A friend, Becky, that works at the same shop I do did the quilting on this one, bless her heart.  Aren’t the spider web quilting details awesome? The fabric is from the Boo! to You collection by Riley Blake.  I’m not a big fan of the blood and gore part of Halloween and I like how this design throws in the good old Halloween motifs like ghosts and mummies and makes them cute and charming for scaredy-cats like me.

I know you’re wondering how in the world I made two Halloween quilts this year.  Totally abnormal for me, but my husband has been out of town for most of the past two weeks (yeah, not something I like to broadcast while he’s not here) so after the kids were in bed every night me and my sewing machine would go to town while I stayed up too late watching The Scarlett Pimpernel on DVD from the library.  That coupled with the fact that I just fed my kids scrambled eggs or Little Ceaser’s pizza at the kitchen counter every night while I left my mess creative endeavorers on the table for most of the time, meant I got a lot done.

To my credit, I shared the table with the kids’ creative endeavors as well and we got a lot of great Halloween decorations completed while we were waiting for Dad to get back. Because as fun as it all was to live our temporary bohemian lifestyle, we really like having Dad around.  My hat goes off to every single mother on the planet.  You are rock stars and completely heroic in my book.

Single moms have been weighing heavy on my mind (and heart) and were the whole impetus behind this very quilt.  One of my oldest friends – we’ve know each other since grade school – lost her husband to cancer last week. Talk about courage and grace. (If you want to be truly inspired, read her husband Ben’s final thoughts on his blog chronicling his battle with cancer.)

While feeling utterly helpless in Ben and Allison’s current situation I’ve been thinking a lot about another friend who lost her husband a year and a half ago – also at age 36. Her husband Chris, was another old and special friend of mine – and a total character.  He was also obsessed with Halloween – he loved going all out for it.  I kicked myself after Halloween last year for not thinking of it in time to make them a Halloween quilt in honor of their Dad. Watching Allison’s situation this year, it was not hard to remember.

And forgive me if I get a little bit deep – it’s been kind of a deep week around here – but I’m grateful to know that there is a “Father to the fatherless” (Psalm 68:5.) I know that He gives comfort and guidance when it is needed. I also know that those cases where fathers are no longer on this earth, they are close to their families and that their separation is only a temporary one.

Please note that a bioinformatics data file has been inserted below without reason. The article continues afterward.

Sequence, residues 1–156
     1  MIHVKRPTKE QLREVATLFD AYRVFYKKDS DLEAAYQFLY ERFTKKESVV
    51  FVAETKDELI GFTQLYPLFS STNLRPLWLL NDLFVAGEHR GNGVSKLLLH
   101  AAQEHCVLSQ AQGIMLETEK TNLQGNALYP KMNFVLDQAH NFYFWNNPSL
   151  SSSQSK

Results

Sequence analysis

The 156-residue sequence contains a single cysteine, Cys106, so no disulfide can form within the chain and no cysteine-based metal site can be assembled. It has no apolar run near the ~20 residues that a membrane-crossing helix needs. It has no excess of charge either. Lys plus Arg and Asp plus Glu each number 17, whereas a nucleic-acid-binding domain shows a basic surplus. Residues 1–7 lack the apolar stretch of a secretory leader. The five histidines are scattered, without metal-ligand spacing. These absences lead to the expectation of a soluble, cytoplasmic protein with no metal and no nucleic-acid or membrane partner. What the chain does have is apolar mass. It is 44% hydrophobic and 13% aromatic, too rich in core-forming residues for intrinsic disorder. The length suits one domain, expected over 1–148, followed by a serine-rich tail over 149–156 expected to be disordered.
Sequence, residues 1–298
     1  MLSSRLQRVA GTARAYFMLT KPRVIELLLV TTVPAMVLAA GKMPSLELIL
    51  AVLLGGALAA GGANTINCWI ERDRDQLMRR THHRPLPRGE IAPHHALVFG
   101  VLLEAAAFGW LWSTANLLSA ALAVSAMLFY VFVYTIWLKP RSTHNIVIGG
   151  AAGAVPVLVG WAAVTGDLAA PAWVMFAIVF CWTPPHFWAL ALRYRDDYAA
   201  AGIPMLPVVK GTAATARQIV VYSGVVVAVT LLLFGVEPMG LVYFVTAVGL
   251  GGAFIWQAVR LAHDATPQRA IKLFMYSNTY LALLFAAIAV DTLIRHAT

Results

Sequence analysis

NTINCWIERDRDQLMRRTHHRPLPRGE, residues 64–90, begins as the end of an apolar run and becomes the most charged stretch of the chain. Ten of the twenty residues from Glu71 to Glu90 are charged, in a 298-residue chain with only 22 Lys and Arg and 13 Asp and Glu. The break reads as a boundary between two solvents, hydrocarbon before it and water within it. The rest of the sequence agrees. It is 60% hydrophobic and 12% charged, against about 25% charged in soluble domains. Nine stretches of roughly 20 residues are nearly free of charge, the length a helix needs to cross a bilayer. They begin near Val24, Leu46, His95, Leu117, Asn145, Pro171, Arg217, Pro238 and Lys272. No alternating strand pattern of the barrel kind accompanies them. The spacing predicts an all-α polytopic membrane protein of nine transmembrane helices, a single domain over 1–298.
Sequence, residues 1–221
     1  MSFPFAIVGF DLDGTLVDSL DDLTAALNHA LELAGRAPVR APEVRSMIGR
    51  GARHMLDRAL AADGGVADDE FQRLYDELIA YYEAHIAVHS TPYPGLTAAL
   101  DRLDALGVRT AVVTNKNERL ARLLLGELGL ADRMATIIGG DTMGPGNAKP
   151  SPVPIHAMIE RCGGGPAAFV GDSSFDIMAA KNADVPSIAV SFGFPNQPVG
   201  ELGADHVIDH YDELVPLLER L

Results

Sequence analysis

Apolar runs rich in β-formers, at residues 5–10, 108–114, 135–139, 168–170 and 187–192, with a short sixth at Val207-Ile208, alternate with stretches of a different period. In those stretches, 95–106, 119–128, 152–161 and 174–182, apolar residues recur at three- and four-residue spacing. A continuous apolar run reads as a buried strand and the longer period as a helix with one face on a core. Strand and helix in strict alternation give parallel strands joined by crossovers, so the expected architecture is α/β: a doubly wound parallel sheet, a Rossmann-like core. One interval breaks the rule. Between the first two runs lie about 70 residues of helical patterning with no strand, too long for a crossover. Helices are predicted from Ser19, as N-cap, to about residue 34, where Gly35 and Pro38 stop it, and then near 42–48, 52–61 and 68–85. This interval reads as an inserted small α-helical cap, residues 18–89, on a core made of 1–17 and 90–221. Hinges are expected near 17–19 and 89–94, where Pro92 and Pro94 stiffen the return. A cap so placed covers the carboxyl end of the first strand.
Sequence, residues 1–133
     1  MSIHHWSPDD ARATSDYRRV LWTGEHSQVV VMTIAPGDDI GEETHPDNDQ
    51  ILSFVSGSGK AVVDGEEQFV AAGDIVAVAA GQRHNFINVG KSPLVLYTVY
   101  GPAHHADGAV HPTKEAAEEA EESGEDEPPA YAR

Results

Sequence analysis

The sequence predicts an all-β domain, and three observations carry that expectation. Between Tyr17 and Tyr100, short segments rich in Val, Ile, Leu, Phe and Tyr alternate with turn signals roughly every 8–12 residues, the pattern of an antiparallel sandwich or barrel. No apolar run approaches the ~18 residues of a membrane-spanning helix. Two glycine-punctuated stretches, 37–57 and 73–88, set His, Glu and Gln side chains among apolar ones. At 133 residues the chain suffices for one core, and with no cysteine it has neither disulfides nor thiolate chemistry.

So this quilt is for Chris’s wife and three young kids.  I don’t know exactly what they’ll do with it, but I hope they keep it around all year to think of their dad and know that it came from someone else who thinks their dad is awesome too.

If you’d like to make something similar, this free pattern at Moda Bake Shop will get you going!

Halloween Pennant

Yeah, I have been on a roll with the Halloween fabric this year. I’m feeling highly motivated to de-stash – or to actually put to use the fabric that has been waiting patiently for, in some cases, years. So while the Halloween pile was out, I went ahead and cut some pennant triangles with my Accuquilt GO! Cutter. I’m totally happy with the end result.
Hope you are enjoying your weekend. This is what I’m going to enjoy this weekend. The last of the tomatoes. My crop was not abundant but it was sufficient. And oh I will miss them. We’ve had the most gorgeous, warm fall/autumn this year. But it looks as though this weekend is the end. Winter is coming. Drat. So yard work is on the weekend to-do list too. I can’t get out of it any more – although an out-of-control yard might just add to the spooky atmosphere.  Hmmmm . . .

Oh Scrap! A giveaway!

A sneak peek of Halloween Quilt #2. Made with lots of scraps!

Are you a scrapaholic?? Scrappy quilts are my favorite kind and so I’m always hanging on to my fabric scraps because you never know when you might need them! And I always get so excited when I find the perfect place for them. (Plus I feel this weird [ok, pathetic] responsibility towards them. Like I need to provide them with a good home or something.)

The good old Table Runner tute is one of my favorite uses for scraps. 

But, if you’re like me, and your scraps are starting to take over your life, not to mention your storage space, go visit Jodi @ Pleasant Home (if you don’t already)! She is having a fun scrap-along and will help you get great joy and satisfaction out of those multiplying fabric scraps.

And just in case you are not like me (a budding hoarder who is on the road to reform), but you want to participate, I have some scraps to share!

Lots of pieces of Amy Butler’s Midwest Modern and Daisy Chain collections left over from making this quilt. Enough to fill a bulging flat rate envelope.  Leave a comment (one) to enter.  This giveaway ends Monday, October 25 at midnight.  Have fun!